Parents of autistic children face a “postcode lottery” after the Scottish Government cut funding for post-diagnostic services.

The National Post Diagnostic Support Service was launched in December 2020 to “support newly diagnosed people across Scotland to understand and embrace their identity as an autistic person.”

Funded by the Scottish Government, the service was delivered in partnership with national charities Scottish Autism, National Autistic Society Scotland, Autism Initiatives Scotland and a number of local autistic groups.

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However, despite overwhelmingly positive feedback, Maree Todd, the Minister for Social Care, Mental Wellbeing and Sport made clear the funding for the programming was coming to an end.

Instead, the £1 million set aside for post-diagnostic support will now focus entirely on support for adults.

Organisations have just four weeks to apply for the funding, which will be awarded in October, to be spent by April 2024.

Instead, children and families seeking post-diagnostic support will be directed towards local authorities and local NHS boards, although there will be no statutory requirement for this.

Dorry McLaughlin, CEO of Scottish Autism, told The Herald they were “very concerned about the impact of this decision.”

She added: “Nobody would disagree that autistic adults need support, but the Scottish Government should not be taking an all-or-nothing approach to post-diagnostic support.

"It is simply not practical to design a new service in four weeks, especially when there is the chance that the service might only operate for six months depending on future funding awards.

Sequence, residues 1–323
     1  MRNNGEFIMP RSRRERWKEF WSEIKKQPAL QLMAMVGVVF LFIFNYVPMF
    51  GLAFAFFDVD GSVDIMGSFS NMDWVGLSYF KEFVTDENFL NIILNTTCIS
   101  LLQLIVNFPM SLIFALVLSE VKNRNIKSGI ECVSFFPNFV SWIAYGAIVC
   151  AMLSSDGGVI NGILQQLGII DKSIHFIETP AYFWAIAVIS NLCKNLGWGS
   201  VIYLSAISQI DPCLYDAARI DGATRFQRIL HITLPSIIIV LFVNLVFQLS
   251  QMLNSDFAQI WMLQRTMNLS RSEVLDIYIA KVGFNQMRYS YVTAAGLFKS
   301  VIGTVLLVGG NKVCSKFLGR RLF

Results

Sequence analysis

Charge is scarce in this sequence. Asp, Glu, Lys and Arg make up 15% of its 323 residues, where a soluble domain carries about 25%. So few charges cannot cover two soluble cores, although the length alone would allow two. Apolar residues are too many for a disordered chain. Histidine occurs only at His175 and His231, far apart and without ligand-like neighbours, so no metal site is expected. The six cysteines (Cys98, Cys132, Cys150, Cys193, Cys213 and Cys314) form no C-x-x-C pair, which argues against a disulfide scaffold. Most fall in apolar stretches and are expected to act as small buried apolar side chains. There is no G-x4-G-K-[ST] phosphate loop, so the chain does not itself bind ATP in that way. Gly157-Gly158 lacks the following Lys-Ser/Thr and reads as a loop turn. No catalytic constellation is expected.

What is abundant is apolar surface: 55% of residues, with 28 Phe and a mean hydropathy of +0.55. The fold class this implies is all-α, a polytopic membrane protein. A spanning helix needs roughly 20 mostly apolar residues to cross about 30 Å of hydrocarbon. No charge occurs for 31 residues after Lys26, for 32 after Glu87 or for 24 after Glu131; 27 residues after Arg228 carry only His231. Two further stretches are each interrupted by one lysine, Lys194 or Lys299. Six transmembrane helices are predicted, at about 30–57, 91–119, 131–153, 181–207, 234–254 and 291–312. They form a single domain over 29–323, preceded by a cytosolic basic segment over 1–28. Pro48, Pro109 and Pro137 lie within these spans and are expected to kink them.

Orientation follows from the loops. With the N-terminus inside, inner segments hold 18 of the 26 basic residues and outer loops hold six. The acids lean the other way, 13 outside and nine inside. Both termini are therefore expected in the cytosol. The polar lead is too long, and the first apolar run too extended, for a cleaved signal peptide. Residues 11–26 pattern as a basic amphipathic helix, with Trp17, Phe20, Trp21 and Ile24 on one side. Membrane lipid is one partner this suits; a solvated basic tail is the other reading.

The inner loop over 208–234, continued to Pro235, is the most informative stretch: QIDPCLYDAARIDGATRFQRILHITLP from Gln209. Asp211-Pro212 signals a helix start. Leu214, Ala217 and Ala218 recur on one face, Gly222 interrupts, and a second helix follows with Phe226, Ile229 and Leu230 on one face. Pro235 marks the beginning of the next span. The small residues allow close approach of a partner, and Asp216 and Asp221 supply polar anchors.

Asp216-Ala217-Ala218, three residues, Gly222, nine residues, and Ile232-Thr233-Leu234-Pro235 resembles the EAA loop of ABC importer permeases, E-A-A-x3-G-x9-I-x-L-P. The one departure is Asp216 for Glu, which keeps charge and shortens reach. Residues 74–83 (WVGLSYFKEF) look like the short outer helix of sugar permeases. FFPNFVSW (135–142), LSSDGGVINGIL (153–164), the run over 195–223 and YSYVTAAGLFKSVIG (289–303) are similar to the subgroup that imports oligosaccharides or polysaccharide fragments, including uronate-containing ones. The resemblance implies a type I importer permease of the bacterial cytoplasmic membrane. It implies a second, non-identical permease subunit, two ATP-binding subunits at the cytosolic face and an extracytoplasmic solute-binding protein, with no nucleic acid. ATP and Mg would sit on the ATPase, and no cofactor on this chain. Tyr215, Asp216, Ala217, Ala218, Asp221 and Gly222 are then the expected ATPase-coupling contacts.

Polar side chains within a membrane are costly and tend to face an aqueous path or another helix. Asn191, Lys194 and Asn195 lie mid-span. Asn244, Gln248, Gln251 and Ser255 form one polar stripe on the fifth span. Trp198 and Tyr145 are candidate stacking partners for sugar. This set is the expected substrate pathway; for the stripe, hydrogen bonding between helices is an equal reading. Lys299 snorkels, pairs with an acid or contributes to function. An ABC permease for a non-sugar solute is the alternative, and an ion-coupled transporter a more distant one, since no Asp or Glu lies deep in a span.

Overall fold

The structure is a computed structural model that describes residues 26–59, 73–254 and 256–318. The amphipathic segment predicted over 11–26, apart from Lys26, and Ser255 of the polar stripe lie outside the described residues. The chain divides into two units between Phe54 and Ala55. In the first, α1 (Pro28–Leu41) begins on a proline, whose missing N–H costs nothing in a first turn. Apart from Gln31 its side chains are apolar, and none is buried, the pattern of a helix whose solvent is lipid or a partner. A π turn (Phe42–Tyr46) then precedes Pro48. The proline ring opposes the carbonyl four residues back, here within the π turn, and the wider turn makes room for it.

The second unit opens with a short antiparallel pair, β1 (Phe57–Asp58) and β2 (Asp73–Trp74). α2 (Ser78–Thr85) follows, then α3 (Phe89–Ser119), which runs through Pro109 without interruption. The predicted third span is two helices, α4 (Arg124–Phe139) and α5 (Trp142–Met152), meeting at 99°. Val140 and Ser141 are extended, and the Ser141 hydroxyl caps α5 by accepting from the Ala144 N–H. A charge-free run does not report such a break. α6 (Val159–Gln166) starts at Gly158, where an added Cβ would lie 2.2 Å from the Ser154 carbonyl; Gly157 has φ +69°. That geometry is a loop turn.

“This is the sort of short-termism that we have seen all too often, and which does not benefit the people who matter most, autistic people and their families.

“We are grateful that the Scottish Government will continue to fund our advice line service, which has acted as an important signposting and support service for many individuals and families.

“This service cannot, however, replace or replicate the post-diagnostic support service which we had developed.

"We know from our advice line that the level of support available in local areas varies wildly, and with no statutory obligation for the development or delivery of post-diagnostic support services, we fear that children and families will fall victim to postcode lotteries and that this will result in increased CAMHS referrals, and lengthy waits."

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Conservative MSP, Alexander Burnett, who chairs the Scottish Parliament's cross-party group on autism, said the decision to axe post-diagnostic funding for children and their families was “a hammer blow to Scotland's autism services and the vulnerable people they help.”

He added: "And despite warnings that this new approach leaves them at a precipice, the Minister has confirmed it's their way or no way at all.

"Autism services cannot redesign within four weeks to comply with this arbitrary, wrongheaded set of requirements.

"And lumping the responsibility on to our overstretched NHS, local councils and health partnerships — with no statutory obligation to fill the void — presents a major risk to children in need of post-diagnostic support."

The Scottish Government has been approached for comment.